Your business has too many customers? Well, that’s a great problem to have!

The bad news: You’re overwhelmed, and there’s not enough supply to meet the demand.

If your business offers a service or a product, and you have too many customers — you’re in trouble. (Unless you’ve figured out how to clone yourself or have an amazing manufacturing hook-up.)

_So what are you to do when you have too many customers? _The way I see it, there are three ways you can fix the issue.

1. Raise Your Prices

Economics 101 tells us that if the supply decreases, and the demand remains the same, there will be a shortage. Therefore, the price should increase.

When price increases, this often means a reduction in demand—for lots of different reasons. Maybe the customer can’t afford it anymore. Maybe they have a price point they’re tied to, and now they need a different, cheaper solution. Maybe they just get mad and say, “I’m not paying that much. Bye!”

But no matter the reason behind the ‘why’, raising prices often means filtering out customers so that the clients who really see value in your service or product are what remain.

It’s like gold panning—what’s left behind is the good stuff.

If a customer really believes in the quality you deliver and in you as the person behind the brand, a small price increase isn’t going to faze him or her. That person just wants to be sure they’re still able to buy from you or work with you.

2. Cater to Your Niche Market

Another way you can deal with a surplus of customers is to niche down into a more specific market. This way, instead of trying to get any and every customer that comes your way (even if they aren’t really that invested in your offering), you’re only trying to connect with your most ideal customers.

For example: Say you’re a freelance web designer who specializes in websites for yoga teachers, but your marketing efforts position you as someone who creates websites for anyone and everyone.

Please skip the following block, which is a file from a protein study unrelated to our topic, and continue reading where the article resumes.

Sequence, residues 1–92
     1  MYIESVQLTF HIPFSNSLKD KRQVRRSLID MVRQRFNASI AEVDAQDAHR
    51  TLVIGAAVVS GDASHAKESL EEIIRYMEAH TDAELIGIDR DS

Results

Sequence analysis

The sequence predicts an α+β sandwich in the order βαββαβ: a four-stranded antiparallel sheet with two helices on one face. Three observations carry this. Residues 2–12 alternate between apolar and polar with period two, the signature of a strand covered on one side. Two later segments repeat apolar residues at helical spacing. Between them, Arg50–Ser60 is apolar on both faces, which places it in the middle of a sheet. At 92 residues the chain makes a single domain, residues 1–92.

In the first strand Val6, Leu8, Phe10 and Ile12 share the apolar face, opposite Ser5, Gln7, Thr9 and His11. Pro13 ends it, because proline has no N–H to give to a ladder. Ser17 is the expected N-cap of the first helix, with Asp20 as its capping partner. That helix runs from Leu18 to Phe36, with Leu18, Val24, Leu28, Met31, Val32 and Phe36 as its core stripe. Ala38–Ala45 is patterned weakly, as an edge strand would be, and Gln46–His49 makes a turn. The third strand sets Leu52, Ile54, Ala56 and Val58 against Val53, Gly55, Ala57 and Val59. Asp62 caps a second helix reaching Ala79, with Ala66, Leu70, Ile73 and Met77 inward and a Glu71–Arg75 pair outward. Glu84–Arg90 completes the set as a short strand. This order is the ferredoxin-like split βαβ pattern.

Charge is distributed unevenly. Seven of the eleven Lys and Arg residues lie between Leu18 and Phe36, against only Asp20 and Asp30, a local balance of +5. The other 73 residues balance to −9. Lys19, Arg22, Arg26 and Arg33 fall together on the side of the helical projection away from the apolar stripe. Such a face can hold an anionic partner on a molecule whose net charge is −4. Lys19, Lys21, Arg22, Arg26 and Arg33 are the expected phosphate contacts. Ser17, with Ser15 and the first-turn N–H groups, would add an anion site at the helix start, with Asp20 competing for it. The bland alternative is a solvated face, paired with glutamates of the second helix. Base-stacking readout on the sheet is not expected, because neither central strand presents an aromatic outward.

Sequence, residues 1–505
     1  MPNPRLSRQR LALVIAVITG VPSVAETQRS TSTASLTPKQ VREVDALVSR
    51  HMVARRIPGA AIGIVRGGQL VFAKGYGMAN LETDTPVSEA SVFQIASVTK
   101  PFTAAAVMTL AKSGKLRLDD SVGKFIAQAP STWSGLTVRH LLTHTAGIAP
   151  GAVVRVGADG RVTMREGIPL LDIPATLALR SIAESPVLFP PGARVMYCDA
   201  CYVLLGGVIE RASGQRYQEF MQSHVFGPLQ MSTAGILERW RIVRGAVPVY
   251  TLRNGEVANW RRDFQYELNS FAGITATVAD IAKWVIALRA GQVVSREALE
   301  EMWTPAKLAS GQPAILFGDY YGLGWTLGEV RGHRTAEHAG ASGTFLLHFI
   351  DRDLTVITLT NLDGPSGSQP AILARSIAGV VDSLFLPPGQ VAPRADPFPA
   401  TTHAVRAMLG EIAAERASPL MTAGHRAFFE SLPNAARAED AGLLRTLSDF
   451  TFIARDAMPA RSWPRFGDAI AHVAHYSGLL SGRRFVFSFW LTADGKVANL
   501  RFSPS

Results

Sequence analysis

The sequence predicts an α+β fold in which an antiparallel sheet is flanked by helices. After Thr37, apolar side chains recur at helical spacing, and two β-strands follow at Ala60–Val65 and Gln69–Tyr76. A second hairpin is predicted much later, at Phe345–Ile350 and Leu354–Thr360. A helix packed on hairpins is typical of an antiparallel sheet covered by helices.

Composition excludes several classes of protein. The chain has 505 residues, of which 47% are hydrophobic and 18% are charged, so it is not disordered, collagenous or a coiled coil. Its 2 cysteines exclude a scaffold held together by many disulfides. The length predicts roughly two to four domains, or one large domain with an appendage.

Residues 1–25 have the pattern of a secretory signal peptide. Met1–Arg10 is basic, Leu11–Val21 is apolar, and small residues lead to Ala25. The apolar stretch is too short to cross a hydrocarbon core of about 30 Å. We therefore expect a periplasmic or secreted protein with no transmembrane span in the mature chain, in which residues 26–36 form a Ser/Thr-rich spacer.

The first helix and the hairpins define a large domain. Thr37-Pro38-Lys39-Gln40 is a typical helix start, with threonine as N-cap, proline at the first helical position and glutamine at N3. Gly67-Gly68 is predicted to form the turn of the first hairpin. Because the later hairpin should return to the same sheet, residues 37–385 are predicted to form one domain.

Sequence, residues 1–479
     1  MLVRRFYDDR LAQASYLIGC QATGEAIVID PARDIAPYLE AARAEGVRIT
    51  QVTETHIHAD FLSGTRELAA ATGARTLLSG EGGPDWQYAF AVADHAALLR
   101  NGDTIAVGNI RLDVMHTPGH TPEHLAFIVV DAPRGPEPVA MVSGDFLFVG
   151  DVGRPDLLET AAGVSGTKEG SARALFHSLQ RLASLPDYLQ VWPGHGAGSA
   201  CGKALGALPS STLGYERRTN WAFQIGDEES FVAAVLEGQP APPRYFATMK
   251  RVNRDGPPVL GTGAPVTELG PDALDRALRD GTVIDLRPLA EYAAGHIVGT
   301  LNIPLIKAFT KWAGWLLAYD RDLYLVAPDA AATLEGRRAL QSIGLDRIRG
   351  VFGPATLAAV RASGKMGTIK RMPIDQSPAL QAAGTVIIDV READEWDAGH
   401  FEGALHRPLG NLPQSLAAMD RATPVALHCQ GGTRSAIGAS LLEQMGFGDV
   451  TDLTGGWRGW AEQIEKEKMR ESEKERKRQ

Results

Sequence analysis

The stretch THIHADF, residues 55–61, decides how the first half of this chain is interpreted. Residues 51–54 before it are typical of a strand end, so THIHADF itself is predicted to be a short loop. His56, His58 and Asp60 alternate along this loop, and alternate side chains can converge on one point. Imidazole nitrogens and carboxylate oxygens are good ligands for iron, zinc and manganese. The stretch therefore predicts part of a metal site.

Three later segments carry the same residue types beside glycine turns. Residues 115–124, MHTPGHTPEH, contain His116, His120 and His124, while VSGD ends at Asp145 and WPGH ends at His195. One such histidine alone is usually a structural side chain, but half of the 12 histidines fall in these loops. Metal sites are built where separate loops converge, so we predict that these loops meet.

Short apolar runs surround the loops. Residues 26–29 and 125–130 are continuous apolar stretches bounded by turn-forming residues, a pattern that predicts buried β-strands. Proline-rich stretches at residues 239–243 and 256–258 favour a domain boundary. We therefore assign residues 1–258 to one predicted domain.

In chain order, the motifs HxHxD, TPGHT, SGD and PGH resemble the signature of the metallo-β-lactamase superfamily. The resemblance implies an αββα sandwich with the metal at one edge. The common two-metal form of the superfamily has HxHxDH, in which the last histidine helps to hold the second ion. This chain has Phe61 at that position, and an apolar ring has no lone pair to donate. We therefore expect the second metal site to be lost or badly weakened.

You get a lot of interest from casting this wide net, but often times, the leads who reach out to you end up wasting a lot of your time and not following through to become a paying client.

When you re-position yourself as an expert of yoga instructor websites, you have a much higher success rate. You’re able to speak directly to the unique needs of this demographic, and therefore, they a look to you as a trusted expert in the field and are happy to pay you to design that perfect website.

Niching down can be scary—you might think, “But what if I can’t make it when I get this specific about my business?”

Take it from Seth Godin:

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3. Improve Your Process

This one relates specifically to businesses that sell a physical product.

If the reason you think you have too many customers is because you don’t have the means to produce items as quickly as they’re being purchased, there’s a problem in your process—and it’s very likely that can be fixed.

Take a look at your process as whole, and identify the bottlenecks.

Say you have a cleaning product business: Maybe you’re trying to do product fulfillment in-house, but you’ve outgrown the ability to keep up with the demand using this method.

In this case, it’s time to consider outsourcing to a manufacturer who can do this more quickly and efficiently than you can on your own.

In instances where process is failing, it’s often simply a matter of finding a fix to the problem so that supply can increase to meet the rising demand.

Finding the Sweet Spot

The right way to handle customer overload is going to be varied for different types of businesses.

However, using one of these three tactics, it should be fairly easy to get things back under control and to a more manageable place.

I’m curious: What do you do when you feel like you have too many customers?